Nutrition During Pregnancy for Vegetarians

Types of vegetarians

Vegetarian nutrition

Research verifies that vegetarian diets can be nutritionally adequate in pregnancy.

During pregnancy, it is important to choose a variety of foods that provide enough protein, calories, and nutrients for you and your baby. Depending on the type of vegetarian meal plan you follow, you might need to adjust your eating habits. Follow the guidelines below for healthy vegetarian eating during pregnancy.

It is also important to choose safe foods and prepare foods safely because pregnant women are at increased risk of food poisoning.

Goals for healthy eating

Breads and grains

9 or more servings/day

Fruits and vegetables

4 or more servings/day of vegetables; 3 or more servings of fruit

Dairy

4 or more servings/day

Protein

3 servings per day

Fats and oils (healthy liquid unsaturated oils preferred)

Approximately 8-12 tsp./day

Sweets and snacks

In limited amounts

Seafood nutrition and seafood safety

Seafood is a rich source of omega-3 fatty acids, a type of essential fatty acid. Many studies suggest that these fats, particularly eicosapentaenoic acid (EPA) and docosahexaenoic acid (DHA), are beneficial to both moms and the babies. Eating seafood is encouraged and supported by the Academy of Nutrition and Dietetics and the American College of Obstetrics and Gynecologists.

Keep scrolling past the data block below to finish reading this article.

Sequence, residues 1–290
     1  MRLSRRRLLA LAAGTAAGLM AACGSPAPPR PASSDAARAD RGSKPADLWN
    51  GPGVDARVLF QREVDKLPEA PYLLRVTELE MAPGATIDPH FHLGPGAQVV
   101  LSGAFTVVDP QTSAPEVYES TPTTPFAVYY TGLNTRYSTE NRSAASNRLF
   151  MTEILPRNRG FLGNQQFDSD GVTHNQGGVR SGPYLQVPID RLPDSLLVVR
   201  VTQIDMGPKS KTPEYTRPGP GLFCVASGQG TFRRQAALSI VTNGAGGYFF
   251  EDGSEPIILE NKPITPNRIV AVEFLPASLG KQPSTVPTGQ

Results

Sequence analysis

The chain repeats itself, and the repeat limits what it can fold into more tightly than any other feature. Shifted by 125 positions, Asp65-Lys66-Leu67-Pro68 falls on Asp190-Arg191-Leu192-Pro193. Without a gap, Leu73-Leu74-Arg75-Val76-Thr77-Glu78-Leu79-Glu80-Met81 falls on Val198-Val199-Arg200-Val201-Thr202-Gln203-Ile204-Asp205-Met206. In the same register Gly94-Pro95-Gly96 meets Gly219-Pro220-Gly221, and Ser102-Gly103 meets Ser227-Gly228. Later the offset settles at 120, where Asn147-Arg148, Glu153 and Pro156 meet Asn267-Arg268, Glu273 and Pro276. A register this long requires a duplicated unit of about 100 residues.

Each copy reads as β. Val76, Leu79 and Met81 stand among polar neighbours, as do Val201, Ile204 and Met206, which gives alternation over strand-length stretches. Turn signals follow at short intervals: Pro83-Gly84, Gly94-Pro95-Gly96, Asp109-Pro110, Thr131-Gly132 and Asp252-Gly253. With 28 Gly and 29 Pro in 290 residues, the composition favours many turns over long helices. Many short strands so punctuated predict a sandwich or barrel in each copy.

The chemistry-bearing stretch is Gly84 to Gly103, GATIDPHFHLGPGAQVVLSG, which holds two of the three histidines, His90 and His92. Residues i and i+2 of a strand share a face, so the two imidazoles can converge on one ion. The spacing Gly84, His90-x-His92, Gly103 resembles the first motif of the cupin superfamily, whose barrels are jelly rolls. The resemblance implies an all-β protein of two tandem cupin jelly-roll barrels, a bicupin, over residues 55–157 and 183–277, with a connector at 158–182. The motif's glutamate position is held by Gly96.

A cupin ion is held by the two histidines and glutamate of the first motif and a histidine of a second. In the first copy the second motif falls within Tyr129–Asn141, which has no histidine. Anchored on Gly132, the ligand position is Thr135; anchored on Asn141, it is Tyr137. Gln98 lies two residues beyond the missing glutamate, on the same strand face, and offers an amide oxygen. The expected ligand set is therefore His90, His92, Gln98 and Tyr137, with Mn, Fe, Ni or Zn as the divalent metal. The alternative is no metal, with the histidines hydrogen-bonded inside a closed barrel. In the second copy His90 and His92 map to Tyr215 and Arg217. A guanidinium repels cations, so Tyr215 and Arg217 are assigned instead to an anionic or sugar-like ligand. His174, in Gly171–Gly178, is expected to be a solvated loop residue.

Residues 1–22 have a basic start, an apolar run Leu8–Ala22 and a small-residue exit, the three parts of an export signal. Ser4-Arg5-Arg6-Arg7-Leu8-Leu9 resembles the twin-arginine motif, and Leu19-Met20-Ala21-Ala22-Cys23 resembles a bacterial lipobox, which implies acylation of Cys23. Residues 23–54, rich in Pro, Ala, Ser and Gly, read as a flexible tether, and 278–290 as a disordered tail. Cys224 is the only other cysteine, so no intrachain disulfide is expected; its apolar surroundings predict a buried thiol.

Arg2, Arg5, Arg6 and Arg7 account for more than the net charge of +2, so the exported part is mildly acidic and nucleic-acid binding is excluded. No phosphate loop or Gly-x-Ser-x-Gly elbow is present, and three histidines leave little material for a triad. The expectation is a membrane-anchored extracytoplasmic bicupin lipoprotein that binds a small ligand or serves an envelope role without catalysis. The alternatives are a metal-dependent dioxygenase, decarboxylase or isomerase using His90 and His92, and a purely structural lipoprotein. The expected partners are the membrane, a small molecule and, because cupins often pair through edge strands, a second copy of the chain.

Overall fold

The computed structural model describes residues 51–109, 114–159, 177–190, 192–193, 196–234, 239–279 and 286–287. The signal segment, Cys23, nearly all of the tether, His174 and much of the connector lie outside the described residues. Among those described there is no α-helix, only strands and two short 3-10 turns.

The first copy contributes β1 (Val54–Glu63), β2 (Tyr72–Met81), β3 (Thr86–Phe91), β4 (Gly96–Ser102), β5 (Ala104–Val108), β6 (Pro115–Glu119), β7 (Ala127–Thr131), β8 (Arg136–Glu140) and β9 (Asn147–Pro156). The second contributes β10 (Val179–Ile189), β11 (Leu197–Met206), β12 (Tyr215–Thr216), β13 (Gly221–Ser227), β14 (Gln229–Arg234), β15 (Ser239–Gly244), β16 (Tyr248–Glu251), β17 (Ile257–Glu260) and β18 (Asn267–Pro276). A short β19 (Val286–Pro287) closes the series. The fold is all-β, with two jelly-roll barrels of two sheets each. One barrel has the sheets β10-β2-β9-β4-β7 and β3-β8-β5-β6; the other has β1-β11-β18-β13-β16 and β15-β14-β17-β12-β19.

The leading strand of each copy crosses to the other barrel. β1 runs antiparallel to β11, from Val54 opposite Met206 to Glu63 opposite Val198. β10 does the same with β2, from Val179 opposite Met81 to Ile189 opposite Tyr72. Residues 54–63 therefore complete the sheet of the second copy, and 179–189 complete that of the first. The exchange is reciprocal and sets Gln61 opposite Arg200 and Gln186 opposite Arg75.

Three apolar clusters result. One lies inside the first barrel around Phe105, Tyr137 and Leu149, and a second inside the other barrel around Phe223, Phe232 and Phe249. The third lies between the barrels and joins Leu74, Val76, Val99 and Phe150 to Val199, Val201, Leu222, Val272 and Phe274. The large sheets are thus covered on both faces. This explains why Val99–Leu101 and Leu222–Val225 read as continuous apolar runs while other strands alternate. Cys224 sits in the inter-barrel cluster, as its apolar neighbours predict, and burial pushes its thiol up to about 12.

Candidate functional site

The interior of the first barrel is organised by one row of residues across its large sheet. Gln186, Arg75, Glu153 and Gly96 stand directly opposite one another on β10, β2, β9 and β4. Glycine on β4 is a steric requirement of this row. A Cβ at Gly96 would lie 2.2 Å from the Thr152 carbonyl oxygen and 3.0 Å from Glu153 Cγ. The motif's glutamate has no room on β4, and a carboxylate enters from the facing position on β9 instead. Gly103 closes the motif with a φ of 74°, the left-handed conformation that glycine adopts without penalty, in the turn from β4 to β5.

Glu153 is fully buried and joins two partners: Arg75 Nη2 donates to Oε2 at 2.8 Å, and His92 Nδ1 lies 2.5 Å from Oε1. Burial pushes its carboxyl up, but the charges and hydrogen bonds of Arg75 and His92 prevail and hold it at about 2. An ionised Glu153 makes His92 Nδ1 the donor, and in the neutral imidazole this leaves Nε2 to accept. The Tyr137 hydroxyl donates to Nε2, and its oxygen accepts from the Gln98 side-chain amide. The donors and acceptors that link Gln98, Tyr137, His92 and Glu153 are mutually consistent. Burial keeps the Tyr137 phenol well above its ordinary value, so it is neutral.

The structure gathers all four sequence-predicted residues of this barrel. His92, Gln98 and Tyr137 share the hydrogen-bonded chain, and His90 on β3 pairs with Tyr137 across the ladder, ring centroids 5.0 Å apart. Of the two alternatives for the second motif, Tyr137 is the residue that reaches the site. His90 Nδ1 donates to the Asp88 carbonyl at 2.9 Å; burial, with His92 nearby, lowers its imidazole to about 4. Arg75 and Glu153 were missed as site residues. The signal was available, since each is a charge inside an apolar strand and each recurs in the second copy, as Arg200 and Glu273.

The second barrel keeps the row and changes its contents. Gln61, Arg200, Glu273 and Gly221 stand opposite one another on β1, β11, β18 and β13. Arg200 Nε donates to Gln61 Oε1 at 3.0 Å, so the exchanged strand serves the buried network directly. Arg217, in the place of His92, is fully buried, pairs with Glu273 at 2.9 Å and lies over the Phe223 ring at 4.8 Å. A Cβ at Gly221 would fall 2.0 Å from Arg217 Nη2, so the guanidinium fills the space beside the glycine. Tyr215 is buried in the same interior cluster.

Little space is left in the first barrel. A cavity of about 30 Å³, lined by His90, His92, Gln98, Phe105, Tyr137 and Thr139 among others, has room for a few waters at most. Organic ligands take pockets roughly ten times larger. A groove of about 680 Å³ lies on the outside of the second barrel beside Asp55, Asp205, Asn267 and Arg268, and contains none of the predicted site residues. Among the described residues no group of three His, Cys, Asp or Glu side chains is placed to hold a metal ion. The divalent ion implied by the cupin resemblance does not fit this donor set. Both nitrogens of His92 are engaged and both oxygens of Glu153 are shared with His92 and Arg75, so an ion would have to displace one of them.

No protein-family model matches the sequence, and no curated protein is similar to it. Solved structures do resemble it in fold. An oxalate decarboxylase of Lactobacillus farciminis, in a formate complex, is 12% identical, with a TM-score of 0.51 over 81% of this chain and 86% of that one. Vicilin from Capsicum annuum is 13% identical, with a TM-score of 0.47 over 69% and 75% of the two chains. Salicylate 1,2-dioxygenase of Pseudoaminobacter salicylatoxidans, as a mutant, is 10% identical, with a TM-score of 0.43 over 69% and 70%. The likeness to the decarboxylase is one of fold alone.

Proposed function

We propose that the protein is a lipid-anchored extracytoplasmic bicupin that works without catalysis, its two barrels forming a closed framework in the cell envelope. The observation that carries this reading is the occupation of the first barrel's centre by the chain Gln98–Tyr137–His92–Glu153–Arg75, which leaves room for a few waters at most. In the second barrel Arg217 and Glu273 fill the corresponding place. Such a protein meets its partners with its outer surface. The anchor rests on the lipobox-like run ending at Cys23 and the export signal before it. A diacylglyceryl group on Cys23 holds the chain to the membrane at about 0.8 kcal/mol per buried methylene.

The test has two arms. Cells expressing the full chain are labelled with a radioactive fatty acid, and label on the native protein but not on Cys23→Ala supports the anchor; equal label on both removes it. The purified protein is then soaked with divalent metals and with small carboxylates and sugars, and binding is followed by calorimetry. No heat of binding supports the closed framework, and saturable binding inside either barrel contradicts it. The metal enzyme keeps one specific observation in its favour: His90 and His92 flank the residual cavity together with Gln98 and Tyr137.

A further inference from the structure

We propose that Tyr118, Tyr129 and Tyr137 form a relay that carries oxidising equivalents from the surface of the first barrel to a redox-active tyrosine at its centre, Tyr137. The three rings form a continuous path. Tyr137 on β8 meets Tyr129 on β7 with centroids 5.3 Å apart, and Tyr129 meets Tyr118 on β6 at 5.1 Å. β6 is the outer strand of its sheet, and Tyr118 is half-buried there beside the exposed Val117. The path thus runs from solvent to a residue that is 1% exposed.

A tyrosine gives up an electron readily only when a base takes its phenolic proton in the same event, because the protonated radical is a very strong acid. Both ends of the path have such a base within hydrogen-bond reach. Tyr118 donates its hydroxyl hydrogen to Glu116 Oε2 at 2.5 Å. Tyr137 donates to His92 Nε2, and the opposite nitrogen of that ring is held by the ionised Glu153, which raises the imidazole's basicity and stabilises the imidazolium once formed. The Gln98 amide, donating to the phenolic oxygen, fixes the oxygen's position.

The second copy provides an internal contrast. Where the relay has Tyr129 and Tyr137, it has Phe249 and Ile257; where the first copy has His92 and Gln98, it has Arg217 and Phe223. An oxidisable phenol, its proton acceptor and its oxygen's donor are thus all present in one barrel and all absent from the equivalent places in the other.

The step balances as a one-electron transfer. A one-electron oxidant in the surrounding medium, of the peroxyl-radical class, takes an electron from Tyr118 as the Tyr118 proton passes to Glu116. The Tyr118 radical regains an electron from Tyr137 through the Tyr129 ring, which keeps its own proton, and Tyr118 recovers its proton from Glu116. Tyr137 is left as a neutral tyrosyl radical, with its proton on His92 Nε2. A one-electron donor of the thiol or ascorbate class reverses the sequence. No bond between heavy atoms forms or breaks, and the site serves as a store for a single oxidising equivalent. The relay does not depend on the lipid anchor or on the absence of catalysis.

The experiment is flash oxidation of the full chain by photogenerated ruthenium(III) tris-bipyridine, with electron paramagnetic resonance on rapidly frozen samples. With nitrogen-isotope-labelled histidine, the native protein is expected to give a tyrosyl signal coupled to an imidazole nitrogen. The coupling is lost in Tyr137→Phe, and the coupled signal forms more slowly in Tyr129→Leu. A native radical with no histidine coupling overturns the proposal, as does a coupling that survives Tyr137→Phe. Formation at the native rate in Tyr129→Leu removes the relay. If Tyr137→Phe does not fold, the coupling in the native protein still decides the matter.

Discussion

Recommended intake goals are for 8-12 ounces per week of low-mercury, low-contaminant seafood. For food safety information for locally caught fish, please contact the local health department or the Environmental Protection Agency (EPA.gov).

Seafood to eat and to avoid

Eat (eight to 12 ounces per week)

LIMIT to 6 ounces per week

Avoid: Do NOT eat

Food safety

Food safety is important for all pregnant women, including vegetarians. Produce, grains, and dairy can pose risks.

Take the following precautions for these food groups:

References

 

This information is provided by the Cleveland Clinic and is not intended to replace the medical advice of your doctor or health care provider. Please consult your health care provider for advice about a specific medical condition. For additional health information, please contact the Center for Consumer Health Information at the Cleveland Clinic (216) 444-3771 or toll-free (800) 223-2273 extension 43771. If you prefer, you may visit www.clevelandclinic.org/health/ or www.clevelandclinicflorida.org. This document was last reviewed on: 1/25/1996

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